Finally, the centrality of compulsive repetition in specific and of the Unheimlich in general in this type of writing may be seen in relation to the interest of these fictions in the interplay and conflict between the predetermined and the accidental. The combination of the familiar and strange within the Unheimlich may be related to the dialectic between determinism, that is inherent within discourses of global interconnectedness, and contingency – or tuché, to borrow the term that Jacques Lacan borrowed from Aristotle in his own theorisations of trauma: ‘What is repeated … is always something that occurs – the expression tells us a lot about its relation to the tuchéas if by chance’ (1973: 54; original emphasis). The accident is a recurring motif in these fictions, not only in the sense of a major event that determines and organises the overarching narratives of these fictions – such as the crash of Flight 815 on Lost or 9/11 in Pattern Recognition, which has left Cayce with a post-traumatic symptom that makes her oversensitive to corporate brand logos, something that makes her a good coolhunter (see Mousoutzanis 2014). Furthermore, the accident is pertinent in these fictions in the sense of the random, the unpredictable and the unexpected – as in the case of Ghostwritten, which is repeatedly preoccupied with the ways in which chance encounters and events affect other people’s lives, how individual lives are ‘ghostwritten’ by other people. As Tim Cavendish says, in the London section of the novel, ‘[w]e’re all ghostwriters …. And it’s not just our memories. Our actions, too. We all think we’re in control of our own lives, but really they’re pre-ghostwritten by forces around us’ (Mitchell 1999: 295–6). Other fictions have explored this theme with more direct reference to the significance of global information systems. In Kunzru’s Transmission, for instance, the main character Arjun Mehta moves from India to the US after he is offered a job as a computer programmer in an online security company. In order to avoid being made redundant after a decline in demand for computer security, Arjun releases a malicious computer virus that only he will be able to create a cure for and that will provide work for him and his company. The virus, however runs out of control and infects not only computer systems all around the world, but also the lives of all the main characters in the novel, whether in London, New Delhi, or LA:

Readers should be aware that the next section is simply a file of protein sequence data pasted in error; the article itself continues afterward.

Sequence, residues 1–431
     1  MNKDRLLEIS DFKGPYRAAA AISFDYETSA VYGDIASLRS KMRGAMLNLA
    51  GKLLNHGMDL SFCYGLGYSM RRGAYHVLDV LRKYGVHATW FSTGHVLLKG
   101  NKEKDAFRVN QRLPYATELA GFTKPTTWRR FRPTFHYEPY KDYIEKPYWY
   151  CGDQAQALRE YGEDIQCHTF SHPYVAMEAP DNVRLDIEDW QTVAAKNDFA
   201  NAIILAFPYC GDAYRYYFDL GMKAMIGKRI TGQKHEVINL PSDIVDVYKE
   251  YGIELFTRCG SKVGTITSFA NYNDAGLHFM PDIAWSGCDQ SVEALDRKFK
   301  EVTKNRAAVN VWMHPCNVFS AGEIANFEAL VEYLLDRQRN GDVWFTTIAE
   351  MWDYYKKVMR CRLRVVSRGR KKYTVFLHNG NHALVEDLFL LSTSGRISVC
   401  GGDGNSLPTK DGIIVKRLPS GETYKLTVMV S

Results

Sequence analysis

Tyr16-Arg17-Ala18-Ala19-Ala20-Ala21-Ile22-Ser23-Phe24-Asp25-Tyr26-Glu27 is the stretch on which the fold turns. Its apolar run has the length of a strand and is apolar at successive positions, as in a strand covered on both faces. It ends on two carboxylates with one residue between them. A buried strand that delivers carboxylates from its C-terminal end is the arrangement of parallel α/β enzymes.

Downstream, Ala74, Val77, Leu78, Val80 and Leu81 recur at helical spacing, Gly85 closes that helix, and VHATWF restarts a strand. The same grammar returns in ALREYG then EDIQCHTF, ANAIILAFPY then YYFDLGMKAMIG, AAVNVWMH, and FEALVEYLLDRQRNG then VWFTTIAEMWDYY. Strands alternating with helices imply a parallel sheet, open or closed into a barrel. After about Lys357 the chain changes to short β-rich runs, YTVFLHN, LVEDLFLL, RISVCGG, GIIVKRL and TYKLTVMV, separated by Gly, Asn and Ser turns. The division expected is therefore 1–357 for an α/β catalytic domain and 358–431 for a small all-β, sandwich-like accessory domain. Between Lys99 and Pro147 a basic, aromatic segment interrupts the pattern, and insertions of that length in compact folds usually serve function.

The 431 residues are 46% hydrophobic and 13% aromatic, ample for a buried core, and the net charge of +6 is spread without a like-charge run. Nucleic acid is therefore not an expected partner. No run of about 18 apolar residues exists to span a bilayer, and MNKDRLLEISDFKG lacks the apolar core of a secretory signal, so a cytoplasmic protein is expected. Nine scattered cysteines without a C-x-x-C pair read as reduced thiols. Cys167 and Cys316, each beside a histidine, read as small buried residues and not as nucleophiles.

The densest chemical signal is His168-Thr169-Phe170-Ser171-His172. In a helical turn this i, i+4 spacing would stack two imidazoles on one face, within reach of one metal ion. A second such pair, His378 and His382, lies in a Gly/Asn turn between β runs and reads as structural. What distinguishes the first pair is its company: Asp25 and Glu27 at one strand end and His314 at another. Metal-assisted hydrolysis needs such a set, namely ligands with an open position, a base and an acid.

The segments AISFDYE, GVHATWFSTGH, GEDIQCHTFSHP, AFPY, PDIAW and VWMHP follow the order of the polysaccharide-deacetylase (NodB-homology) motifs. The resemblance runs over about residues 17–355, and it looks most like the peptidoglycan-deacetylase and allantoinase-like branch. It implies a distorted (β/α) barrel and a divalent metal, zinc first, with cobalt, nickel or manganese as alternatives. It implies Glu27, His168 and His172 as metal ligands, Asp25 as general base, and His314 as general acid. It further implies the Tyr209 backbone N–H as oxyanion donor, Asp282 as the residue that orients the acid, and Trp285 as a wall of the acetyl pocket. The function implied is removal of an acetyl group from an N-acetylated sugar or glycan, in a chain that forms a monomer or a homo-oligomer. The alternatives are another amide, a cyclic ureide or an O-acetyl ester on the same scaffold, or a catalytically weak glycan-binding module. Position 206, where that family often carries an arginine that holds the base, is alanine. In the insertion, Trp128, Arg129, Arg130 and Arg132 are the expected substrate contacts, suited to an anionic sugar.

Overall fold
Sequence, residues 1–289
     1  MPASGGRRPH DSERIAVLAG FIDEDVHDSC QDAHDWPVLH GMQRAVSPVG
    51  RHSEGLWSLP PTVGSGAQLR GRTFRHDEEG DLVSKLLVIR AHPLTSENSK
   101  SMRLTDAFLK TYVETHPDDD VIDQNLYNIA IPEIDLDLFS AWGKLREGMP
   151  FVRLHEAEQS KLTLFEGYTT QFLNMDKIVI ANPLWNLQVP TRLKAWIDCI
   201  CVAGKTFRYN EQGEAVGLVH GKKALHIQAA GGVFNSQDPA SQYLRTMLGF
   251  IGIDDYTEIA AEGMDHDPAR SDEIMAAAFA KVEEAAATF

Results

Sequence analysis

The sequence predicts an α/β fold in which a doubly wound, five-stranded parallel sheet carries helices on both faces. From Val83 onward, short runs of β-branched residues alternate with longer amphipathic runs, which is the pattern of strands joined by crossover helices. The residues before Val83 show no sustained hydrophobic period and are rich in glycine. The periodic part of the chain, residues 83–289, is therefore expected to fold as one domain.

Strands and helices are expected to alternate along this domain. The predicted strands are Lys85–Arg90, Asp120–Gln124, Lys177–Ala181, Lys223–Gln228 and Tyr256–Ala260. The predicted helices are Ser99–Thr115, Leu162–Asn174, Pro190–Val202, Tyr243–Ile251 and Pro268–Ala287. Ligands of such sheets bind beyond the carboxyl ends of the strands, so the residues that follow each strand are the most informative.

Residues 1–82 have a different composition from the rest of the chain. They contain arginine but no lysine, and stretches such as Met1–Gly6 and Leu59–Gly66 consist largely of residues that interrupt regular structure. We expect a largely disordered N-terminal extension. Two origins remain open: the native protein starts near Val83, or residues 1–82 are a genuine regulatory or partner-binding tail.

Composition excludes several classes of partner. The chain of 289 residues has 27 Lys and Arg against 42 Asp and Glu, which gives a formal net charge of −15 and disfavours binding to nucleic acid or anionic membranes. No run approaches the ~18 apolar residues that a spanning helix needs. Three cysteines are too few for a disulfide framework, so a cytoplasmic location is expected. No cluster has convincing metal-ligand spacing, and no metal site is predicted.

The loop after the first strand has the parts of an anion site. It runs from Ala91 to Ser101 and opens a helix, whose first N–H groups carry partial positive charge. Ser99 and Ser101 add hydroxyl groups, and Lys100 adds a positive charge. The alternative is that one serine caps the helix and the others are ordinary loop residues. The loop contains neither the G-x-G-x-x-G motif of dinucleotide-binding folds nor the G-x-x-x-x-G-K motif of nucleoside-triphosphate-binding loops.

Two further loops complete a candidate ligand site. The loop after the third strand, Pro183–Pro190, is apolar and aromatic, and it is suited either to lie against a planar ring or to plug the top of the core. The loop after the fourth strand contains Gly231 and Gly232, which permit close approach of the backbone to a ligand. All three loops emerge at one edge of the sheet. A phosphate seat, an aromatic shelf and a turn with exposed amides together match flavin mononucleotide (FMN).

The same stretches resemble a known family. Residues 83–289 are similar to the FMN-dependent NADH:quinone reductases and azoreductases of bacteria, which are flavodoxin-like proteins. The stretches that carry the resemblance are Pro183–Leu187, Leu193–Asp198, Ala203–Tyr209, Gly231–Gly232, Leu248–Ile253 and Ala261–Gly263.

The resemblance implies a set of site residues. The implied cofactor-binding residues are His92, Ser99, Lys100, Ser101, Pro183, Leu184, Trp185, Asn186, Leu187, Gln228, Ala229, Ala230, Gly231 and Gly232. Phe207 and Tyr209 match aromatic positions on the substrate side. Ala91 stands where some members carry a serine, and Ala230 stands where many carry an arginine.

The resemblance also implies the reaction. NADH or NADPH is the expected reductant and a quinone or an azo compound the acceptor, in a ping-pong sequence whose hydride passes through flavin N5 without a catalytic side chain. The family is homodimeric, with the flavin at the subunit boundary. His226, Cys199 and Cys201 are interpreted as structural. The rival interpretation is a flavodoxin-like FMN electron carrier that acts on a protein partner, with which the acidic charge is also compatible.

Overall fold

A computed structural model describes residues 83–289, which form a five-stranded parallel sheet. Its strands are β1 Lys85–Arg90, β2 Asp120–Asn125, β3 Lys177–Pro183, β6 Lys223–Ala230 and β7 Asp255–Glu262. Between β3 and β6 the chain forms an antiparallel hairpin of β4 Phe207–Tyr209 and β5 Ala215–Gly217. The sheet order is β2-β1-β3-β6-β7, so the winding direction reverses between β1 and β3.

From his college terminal Arjun watched in fascination as malicious code flared up like a rash on the computing body of the world, causing itching and discomfort to a public educated by science fiction and the Cold War to regard the convergence of machines and biology with uneasy reverence. Computer virus. Future terror. (Kunzru 2004: 109)

The uncanniness of trauma, however, lies not only in the element of contingency and unpredictability that lies within it, but also in its strictly determinist nature. For one thing, trauma is indebted to what Freud called ‘psychic determinism’, the assumption that past events of someone’s life will determine their mental and psychological state in the future. Furthermore, the transmissibility and communicability of trauma is another aspect that highlights its pertinence in fictions of global networking. Trauma is, in Luckhurst’s words,

worryingly transmissible: it leaks between mental and physical symptoms, between patients …., between patients and doctors via the mysterious processes of transference or suggestion, and between victims and their listeners or viewers who are commonly moved to forms of overwhelming sympathy, even to the extent of claiming secondary victimhood. (2008: 3)

From this perspective, we may see these fictions as a series of narratives that explore the communicability of trauma, the ways in which it reverberates around an increasingly globalised, interconnected world, across time and space. Global network films, for instance, according to Narine, ‘dramatise and interrogate how suffering can proliferate as transnational trading networks metastasise’ (2010: 211). Literary fictions of this type, on the other hand, for Boulter, ‘are precisely about how historical traumas are transmitted from person to person without any necessary connection between subjects (2011: 17).